The James Webb Space Telescope has imaged the Cartwheel galaxy with unprecedented accuracy. Space agencies shared the images on August 2.
James Webb continues to amaze. In service since December 2021, the space telescope has been able to image the Cartwheel Galaxy, located 500 million light-years from Earth. NASA shared the shot on Twitter on August 2.
Web is on the way!
this news Tweet embed The near and mid-infrared composite image highlights the Cartwheel Galaxy, the result of a high-speed collision that occurred about 440 million years ago, along with two neighboring galaxies. Get details: https://t.co/c8lEVBBlub pic.twitter.com/eVe8m0k6N7
—NASA (@NASA) August 2, 2022
The wagon wheel was named because of its shape. Scientists believe that it was once a spiral galaxy, like the Milky Way, but it collided with a smaller galaxy. This shock would have turned her into a ring galaxy.
The wagon wheel then consists of two rings: one shiny on the inside and the other colored, extending outward. “It’s like the ripples you get in a pond when you throw a stone into it,” NASA said in a statement.
This galaxy has already been observed by the Hubble Telescope, predecessor of James Webb. At the time, the images were obscured by a large amount of dust, as evidenced in this post from the European Space Agency (ESA).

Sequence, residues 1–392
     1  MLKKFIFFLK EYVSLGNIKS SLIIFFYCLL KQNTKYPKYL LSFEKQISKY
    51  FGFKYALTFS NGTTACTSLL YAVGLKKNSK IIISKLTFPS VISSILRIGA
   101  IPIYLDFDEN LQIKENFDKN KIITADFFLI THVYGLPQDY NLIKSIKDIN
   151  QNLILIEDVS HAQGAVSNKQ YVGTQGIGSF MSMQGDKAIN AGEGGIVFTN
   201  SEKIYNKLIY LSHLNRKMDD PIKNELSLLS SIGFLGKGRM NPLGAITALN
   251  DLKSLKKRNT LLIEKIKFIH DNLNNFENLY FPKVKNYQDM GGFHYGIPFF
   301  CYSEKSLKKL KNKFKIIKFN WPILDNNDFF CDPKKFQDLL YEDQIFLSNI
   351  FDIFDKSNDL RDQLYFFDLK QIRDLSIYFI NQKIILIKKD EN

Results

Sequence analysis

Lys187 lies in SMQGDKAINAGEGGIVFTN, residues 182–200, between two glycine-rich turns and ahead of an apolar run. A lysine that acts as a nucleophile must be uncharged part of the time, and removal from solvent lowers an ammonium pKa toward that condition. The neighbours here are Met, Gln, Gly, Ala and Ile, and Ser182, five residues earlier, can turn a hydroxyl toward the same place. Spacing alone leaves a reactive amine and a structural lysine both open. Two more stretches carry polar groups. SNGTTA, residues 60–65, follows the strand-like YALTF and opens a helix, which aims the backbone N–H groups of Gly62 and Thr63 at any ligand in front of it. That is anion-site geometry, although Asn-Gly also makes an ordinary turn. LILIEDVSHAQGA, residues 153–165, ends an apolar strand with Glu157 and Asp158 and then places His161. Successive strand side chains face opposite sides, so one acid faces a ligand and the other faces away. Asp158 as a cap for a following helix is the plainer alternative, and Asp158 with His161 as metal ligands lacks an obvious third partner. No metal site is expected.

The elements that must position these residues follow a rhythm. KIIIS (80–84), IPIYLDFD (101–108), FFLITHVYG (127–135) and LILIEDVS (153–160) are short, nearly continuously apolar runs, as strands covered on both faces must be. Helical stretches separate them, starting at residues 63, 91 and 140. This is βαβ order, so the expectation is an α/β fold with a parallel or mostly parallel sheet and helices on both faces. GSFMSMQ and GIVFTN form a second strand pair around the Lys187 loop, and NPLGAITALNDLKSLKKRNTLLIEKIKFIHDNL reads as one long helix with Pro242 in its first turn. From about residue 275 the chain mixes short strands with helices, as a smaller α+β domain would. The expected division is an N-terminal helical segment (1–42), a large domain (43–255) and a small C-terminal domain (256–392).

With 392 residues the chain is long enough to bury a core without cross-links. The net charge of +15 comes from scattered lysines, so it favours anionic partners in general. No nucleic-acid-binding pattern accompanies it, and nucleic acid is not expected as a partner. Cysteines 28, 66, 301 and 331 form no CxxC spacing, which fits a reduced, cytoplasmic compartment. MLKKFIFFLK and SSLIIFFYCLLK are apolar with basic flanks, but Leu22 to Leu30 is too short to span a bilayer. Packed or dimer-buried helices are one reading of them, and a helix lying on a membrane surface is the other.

Telescopes have examined the Kartwell wheel galaxy before, but our view was obscured by gas and dust. # webInfrared imaging capabilities have revealed new insights into the nature of the galaxy https://t.co/pczZxNjh9Y (the left: Tweet embed 2010, correct: Tweet embed 2022) pic.twitter.com/yC407vXPLP
– ESA August 2, 2022
Twelve years later, James Webb’s technology has made it possible to learn more about the Cartwheel. Its ability to detect infrared light revealed many hidden details – note that two small galaxies are also visible in the image. “Webb gives us a glimpse into the current state of the wheel, but also its past, and its future development,” summarizes NASA.
James Webb is launched to reveal the secrets of the formation of the universe. It’s supposed to go back in time by capturing the light emitted up to 13.6 billion years ago, just 200 million years from the Big Bang. It also has the task of examining thousands of identified exoplanets so that experts can analyze them and discover (possibly) a possible form of life.
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